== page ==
Haven (2004)
20th Century Fox Home Entertainment
Cast: Orlando Bloom, Anthony Mackie, Bill Paxton, Zoe Saldana
Extras: Featurette, Trailers

haven: n 2: a place of safety 3: a place offering favorable opportunities or conditions

Merriam Webster's Collegiate Dictionary

Safety is the one thing that everyone desires in Frank E. Flowers' "Haven, " a multi-character mosaic set amidst the criminal doings on a Caribbean island. The island's lush atmosphere and serene beaches offer glimpses of paradise, but they mask an unforgiving environment where violence is the prevailing solution. Given the current popularity of films exploring the interconnectivity of seemingly disconnected people, it should be no surprise that 20th Century Fox decided to take this movie off their shelves, where it apparently sat for the past three years, and give it a proper DVD release. It should also come as no surprise that it was co-produced by Bob Yari, one of the producers of the similarly themed, Oscar-winning "Crash."

The movie begins rather innocuously with a young man and woman swimming at the beach. He asks where her family is, and she assures him that he is safe. Cut to America, where wealthy businessman Carl Ridley (Bill Paxton) finds himself trailed by the FBI for underhanded dealings. He flees to a resort on the Cayman Islands with his teenage daughter Pippa (Agnes Bruckner), who quickly becomes involved with a young ruffian (Victor Rasuk) with troubles of his own. We soon find out that the young couple from the opening scene are Shy (Orlando Bloom), the son of a murdered British fisherman, and Andrea (Zoe Saldana), the daughter of Shy's rich employer. Their illicit romance becomes the central issue around which the rest of the subplots revolve, as her overprotective brother (Anthony Mackie) riles up his family into believing that Shy is a rapist, and Pippa plunges herself into the surrounding drugged up community.

The events of this film unfold in nonlinear fashion, jumping back and forth between past and present. In only his second feature, Frank E. Flowers reveals an assuredness with the material that is impressive under the circumstances. He does not maintain control of his script through to the end, where it starts to become very convoluted, but I would say "Haven" stands up well beside a number of similar films by more prominent directors. Flowers injects the film with a vibrant visual scheme that is arresting, if not exactly subtle. Fast motion, jump cuts, and highly saturated colors dominate the screen, often to good effect. What the film lacks in dramatic depth it makes up for in its visuals, which keep viewer attention even when the story drags.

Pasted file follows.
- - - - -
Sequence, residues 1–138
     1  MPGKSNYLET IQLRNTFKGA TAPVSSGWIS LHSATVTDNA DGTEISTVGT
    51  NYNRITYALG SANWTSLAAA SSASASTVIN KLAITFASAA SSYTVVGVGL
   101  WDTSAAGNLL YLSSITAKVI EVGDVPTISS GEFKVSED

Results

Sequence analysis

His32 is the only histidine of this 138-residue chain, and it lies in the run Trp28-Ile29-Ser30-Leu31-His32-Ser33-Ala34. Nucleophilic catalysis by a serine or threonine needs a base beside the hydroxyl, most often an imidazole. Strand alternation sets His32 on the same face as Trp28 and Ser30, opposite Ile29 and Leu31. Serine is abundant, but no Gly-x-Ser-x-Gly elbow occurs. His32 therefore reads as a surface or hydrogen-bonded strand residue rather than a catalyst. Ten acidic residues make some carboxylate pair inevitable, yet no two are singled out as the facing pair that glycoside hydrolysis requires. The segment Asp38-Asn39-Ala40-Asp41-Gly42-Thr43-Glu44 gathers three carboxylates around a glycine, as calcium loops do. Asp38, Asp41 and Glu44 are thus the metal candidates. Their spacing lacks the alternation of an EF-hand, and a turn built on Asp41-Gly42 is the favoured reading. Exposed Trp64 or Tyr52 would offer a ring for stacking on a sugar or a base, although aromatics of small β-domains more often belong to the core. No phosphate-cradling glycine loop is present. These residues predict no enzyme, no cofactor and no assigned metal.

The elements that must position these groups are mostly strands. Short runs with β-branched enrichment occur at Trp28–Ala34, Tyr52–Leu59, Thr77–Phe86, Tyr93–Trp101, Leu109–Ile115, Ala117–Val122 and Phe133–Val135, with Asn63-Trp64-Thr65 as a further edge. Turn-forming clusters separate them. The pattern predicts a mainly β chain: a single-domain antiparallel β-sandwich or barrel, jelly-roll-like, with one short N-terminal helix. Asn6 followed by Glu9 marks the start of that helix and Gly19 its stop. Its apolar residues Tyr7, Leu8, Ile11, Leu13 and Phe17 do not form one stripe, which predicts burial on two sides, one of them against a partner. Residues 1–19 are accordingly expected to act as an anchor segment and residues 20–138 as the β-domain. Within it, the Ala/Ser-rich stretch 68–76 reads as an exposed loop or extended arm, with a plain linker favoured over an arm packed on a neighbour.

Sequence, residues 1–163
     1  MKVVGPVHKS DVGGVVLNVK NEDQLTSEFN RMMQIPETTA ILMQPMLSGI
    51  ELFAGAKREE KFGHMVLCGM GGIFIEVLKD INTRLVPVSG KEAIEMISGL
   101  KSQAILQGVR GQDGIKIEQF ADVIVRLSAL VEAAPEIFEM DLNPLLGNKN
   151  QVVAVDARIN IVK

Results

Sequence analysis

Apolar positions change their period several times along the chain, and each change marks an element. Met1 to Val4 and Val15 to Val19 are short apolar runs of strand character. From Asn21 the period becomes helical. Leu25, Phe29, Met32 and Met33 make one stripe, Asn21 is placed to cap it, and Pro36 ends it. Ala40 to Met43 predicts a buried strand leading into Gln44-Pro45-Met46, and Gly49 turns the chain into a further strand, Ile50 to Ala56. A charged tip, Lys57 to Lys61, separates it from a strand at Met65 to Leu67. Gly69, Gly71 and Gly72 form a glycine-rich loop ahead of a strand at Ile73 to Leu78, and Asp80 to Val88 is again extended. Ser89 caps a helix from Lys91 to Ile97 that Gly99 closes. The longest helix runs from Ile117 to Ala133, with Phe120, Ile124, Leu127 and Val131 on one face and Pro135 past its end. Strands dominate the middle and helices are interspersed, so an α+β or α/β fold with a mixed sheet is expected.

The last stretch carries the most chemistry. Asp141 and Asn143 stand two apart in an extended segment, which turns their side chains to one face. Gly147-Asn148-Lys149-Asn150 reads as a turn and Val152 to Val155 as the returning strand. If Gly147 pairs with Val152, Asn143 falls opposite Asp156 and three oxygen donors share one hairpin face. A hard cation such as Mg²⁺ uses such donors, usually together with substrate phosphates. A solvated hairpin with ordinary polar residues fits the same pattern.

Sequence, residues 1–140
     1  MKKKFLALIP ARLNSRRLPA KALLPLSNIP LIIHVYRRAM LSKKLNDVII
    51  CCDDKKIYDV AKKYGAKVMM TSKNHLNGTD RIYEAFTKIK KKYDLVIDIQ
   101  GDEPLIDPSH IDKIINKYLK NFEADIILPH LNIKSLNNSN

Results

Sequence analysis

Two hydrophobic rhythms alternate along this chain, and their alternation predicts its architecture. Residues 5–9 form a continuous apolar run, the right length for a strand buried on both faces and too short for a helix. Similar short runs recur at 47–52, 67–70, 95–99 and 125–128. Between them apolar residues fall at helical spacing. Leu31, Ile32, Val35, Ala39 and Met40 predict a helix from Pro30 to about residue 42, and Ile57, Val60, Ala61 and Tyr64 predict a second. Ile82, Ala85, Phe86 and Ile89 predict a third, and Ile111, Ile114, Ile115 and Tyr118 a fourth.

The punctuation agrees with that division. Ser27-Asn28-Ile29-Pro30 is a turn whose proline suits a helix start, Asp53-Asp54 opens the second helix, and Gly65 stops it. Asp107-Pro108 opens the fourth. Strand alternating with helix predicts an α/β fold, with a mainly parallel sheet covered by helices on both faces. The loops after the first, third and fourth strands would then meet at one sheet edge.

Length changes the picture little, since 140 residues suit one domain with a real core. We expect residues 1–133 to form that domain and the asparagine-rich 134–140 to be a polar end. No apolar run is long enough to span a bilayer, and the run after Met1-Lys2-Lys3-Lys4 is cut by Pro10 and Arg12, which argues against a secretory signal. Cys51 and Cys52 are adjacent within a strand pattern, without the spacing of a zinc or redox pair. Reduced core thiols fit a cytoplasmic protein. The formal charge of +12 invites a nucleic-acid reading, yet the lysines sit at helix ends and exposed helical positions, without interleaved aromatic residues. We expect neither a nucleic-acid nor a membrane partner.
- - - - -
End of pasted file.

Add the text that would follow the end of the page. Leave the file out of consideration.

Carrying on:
The ensemble acting is uniformly good, with Anthony Mackie and Bill Paxton earning the highest honors. Orlando Bloom is given a good opportunity to show off his range with a role that allows him to trade in his sword for a gun and does not require him to waltz around in heavy costume. Authentic and realistic Caribbean accents help build up the atmosphere and create a very specific context for the events onscreen.

20th Century Fox Home Entertainment has released the film in both 1.85:1 anamorphic widescreen and pan-and-scan versions on one double-sided disc. The picture quality is excellent, showcasing the unique visual style perfectly. Black levels are rich and very deep, while the colors are faithfully rendered and brilliantly saturated. Contrast is sharp, bringing out a crisp image with no artifacts to be seen. Flowers' vision is certainly done justice in this transfer.

A Dolby Digital 5.1 mix also brings out the fine quality of the movie's eclectic soundtrack. Dialogue is clear and well-balanced with the music and sound effects. Even the minutest sounds are given clear presentation in the back channels. It is not a thundering track, but there is enough ambience to create a nice surround experience. Optional English and Spanish subtitles are available.

Unfortunately, it seems that Fox was not confident enough in the film to provide any good extras. The only thing they offer is a brief "Making Of" featurette, but at just under four minutes, it is more of a promo than a behind-the-scenes look. A theatrical trailer for "Haven" and promos for two other Fox DVDs make for pretty slim pickings. Although this is not a high-profile release, this film is interesting enough to warrant better treatment.

With "Haven," Frank E. Flowers opens up an interesting discussion about the security these characters seek and the obstacles they set up for themselves through their own folly. For such a green filmmaker, he has shown considerable talent and a knack for visual splendor. For those who enjoy multi-character dramas, don't let this one fall under the radar. Fox has not given it the presentation that it deserves, but after three years we should be thankful that it was released at all. Even though it falls short on some criteria, it is definitely a film to get you thinking.